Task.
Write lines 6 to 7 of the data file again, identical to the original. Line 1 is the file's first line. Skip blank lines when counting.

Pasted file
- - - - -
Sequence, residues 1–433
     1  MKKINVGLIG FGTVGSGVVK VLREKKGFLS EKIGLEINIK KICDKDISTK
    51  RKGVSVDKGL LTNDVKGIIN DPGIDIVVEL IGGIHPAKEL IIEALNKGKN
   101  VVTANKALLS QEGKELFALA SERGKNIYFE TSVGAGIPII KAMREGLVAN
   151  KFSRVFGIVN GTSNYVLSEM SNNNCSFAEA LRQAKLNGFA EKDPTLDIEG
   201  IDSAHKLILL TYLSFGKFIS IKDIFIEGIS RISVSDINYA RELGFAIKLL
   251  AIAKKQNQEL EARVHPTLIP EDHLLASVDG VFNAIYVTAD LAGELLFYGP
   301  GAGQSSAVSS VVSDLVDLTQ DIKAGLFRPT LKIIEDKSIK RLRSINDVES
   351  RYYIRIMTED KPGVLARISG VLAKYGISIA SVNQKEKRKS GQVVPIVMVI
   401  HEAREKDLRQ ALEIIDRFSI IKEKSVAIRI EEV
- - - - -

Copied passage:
   201  IDSAHKLILL TYLSFGKFIS IKDIFIEGIS RISVSDINYA RELGFAIKLL
   251  AIAKKQNQEL EARVHPTLIP EDHLLASVDG VFNAIYVTAD LAGELLFYGP